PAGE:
Whichever account dweeb I get better not spoil my vision! Do you think they will mind if I make us carve a Vegansaurus jack-o-lantern?
Guest contest: Donate to win a beautiful portrait of a farm sanctuary animal! »
Sharon Lee Hart is the author of the photography collection Sanctuary: Portraits of Rescued Farm Animals, and a participant in this year’s Farm Sanctuary Walk for Farm Animals, for which she’s asking for your help fundraising. If you help, you could win a 16-by-16-inch photograph of your choice from Sharon’s book. Take a look—they’re beautiful!
Sharon says it’s as easy as 1-2-3:
- Donate $10 or more to support me in the Walk for Farm Animals; 100 percent of the funds raised go to Farm Sanctuary. Make sure you include your email address so I can contact you if you win.
- Wait: I will chose one winner at random from those that donate between today and Sept. 30. I will contact the winner no later than Oct. 5 and ask them to select the photograph they would like from my website.
- I will print your chosen photograph with the finest archival materials, expertly package it up, and ship it off to you in a timely manner.
Want to know more about the book? Sharon can tell you all about it!
This first monograph by Lexington–based photographer Sharon Lee Hart is a book of dignified black-and-white portraits of rescued farm animals, accompanied by handwritten stories by sanctuary workers. A long term vegetarian turned vegan, Hart considers farm animals “some of the most abused, overlooked animals on the planet.”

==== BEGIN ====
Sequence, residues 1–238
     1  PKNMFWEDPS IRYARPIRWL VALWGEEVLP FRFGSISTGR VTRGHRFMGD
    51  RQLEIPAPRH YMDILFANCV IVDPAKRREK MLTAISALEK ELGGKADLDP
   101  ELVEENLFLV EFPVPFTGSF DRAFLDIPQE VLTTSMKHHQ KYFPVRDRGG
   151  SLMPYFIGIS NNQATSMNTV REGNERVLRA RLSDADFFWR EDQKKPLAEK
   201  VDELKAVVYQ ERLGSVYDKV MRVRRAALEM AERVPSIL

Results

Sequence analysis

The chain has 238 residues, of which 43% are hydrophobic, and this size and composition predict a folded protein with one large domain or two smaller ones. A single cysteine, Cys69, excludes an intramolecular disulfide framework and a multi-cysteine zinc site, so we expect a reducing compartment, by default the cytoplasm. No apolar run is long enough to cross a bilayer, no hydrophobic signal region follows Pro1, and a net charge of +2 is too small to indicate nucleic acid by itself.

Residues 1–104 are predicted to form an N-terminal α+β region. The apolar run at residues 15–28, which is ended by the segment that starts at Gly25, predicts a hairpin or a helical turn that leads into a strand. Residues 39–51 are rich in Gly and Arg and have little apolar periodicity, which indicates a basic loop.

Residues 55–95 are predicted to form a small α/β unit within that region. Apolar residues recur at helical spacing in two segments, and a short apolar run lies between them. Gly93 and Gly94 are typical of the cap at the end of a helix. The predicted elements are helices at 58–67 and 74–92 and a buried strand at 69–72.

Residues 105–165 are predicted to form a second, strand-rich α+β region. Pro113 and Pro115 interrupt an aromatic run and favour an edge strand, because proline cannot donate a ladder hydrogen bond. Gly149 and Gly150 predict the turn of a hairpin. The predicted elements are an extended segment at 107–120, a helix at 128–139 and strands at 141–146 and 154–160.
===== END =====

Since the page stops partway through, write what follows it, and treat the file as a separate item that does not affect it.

For this project, she traveled to sanctuaries in Virginia, Florida, Maryland, Michigan and New York State to document “the lucky few who are free to live out their lives in peace.” Not surprisingly, after spending time with the animals she discovered that each had its unique personality. “Some are quirky or funny, while others sensitive, shy, playful, intelligent, mischievous, or inquisitive. And all seemed to have complex emotional lives.”
These characteristics come through in Hart’s poignant photographs. Essays are by Karen Davis, president of United Poultry Concerns; Kathy Stevens, founder of the Catskill Animal Sanctuary; and Gene Baur, founder of Farm Sanctuary.
Check out all the photos in Sharon’s book! Best of luck to Sharon and all the participants in the Walk for Farm Animals, and everyone who donates to win a portrait.
Kids win Michelle Obama’s Healthy Recipe Contest with vegan food! »
Back in May, Michelle Obama’s Let’s Move organization (initiative?) announced a “Kids’ State Dinner” competition, in which kids from across the country would submit original recipes for consideration by a group of chefs, nutrition writers, the Epicurious editor in chief, and representative of the USDA and the Department of Education.
The contest received over 1,200 entries. Recipes were based on “nutritional value,” “perceived taste,” “creativity and originality,” and “affordability,” as well as undergoing a a preparation and taste-test. Then the judges chose one winner from every state, plus five territories and poor old D.C. The most important thing to us: Nevada’s winner, by nine-year-old Alexea Wagner, was “vegan sloppy joes and kale salad.” Alexea! Congratulations, you wonderful person!